With the recent spate of merger and acquisition activity in the technology integration market, many business owners are beginning to think about their future, the future of their business, and what exit options may exist for them.
Given that nearly 60 percent of business owners are planning on transferring their ownership interests within the next 10 years, it is critical to know how to assess the value of your integration business before beginning the process.
While there are several academic/theoretical ways to calculate business value (i.e. discounted cash flow, public comparables, transaction comparables, etc.), these methods do not consider the many qualitative factors that can really drive business value to the upper end of a valuation range.
These factors include:
- Scale — Larger tech businesses are viewed as more diverse, less risky and therefore carry higher valuation multiples.
- Industry — Industries that have size, perceived health and robust growth prospects generally see higher valuation multiples.
- Growth — Business that have demonstrated a track record of higher growth are generally viewed as more valuable.
- Management — Businesses with successful and experienced leadership teams receive higher valuations than those with weaker management.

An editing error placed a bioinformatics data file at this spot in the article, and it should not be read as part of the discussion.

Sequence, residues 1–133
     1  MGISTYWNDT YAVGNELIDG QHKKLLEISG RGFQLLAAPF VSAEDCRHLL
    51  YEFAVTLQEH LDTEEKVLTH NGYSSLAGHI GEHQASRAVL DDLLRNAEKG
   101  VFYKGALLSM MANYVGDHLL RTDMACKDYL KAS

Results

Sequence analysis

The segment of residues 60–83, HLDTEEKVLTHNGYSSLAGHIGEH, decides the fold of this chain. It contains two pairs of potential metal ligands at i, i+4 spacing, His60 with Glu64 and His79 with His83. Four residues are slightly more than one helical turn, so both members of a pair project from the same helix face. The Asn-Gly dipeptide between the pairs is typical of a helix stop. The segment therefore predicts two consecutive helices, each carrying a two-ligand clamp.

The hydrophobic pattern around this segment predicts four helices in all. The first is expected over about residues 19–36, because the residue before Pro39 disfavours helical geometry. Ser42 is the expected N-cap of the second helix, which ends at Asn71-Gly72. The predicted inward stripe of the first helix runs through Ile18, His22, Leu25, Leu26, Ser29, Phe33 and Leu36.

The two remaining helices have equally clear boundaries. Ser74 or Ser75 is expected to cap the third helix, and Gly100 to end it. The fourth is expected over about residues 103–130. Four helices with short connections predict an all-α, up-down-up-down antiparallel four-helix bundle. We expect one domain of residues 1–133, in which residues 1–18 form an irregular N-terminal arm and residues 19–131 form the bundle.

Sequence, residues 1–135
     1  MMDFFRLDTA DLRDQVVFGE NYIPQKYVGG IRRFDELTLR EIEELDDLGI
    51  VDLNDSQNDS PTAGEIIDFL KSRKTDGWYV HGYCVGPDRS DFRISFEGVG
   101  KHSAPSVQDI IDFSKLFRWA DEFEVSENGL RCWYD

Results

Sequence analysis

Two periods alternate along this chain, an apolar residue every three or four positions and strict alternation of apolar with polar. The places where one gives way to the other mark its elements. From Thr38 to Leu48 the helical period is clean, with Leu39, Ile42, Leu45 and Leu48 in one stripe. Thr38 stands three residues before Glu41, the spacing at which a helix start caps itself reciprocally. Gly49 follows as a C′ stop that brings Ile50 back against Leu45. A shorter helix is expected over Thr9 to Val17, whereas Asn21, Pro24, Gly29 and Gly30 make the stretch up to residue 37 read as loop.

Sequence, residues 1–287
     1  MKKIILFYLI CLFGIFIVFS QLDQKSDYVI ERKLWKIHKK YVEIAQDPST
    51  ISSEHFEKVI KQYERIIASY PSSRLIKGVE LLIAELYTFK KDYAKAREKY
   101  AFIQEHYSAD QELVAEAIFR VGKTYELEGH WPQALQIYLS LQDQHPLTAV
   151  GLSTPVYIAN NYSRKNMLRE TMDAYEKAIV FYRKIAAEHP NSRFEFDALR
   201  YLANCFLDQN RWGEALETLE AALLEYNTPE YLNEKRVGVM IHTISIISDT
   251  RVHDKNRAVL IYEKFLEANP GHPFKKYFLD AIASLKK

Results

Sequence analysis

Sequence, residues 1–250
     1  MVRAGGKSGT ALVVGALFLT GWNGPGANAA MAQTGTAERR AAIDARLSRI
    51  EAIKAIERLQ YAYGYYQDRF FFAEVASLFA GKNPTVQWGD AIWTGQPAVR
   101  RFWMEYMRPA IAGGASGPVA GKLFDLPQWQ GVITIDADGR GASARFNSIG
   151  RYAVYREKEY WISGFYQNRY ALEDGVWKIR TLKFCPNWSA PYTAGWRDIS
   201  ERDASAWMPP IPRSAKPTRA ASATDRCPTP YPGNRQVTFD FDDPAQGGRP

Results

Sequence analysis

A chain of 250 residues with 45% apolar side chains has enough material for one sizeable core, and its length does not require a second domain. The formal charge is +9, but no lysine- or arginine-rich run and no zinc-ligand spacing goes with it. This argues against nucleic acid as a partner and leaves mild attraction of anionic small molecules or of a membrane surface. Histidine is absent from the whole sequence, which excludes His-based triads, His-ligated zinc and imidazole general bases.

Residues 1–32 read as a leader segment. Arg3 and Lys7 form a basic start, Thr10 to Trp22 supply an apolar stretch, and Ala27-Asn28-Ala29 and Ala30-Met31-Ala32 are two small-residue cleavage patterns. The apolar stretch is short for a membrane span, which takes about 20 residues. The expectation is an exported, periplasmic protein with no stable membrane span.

The specifics of your tech business can really impact its value.
It’s important for you to understand the value that a buyer or investor will see in your company. Does your business represent the missing link in a buyer’s strategic plan? If the purchaser is strategic, then you need to know how your pro AV business will impact the value of their business to obtain the highest valuation.
Don’t assume that an industry average multiple is the right valuation metric for your business.
This is particularly poignant for integration companies. The marketplace places different value on cash flows associated with project-oriented businesses than those that result from recurring revenue streams (such as managed services).
Integrators whose systems integration business is a hybrid should take that into account, particularly when allocating investment dollars to their business.
And finally, never underestimate the power of competition.
A competitive sell-side process can drive buyers to bid against each other to reach valuations unsupported by any model. The bottom line is that there is no straight forward answer to the question of “What is my technology business worth?”
Business value is driven by a combination of financial models, qualitative factors, and, in many instances the personal emotions that can drive one buyer to pay more than another.
A good investment banker will position the acquisition opportunity in the most favorable light to potential buyers and create a competitive environment to drive buyers to be as aggressive as possible.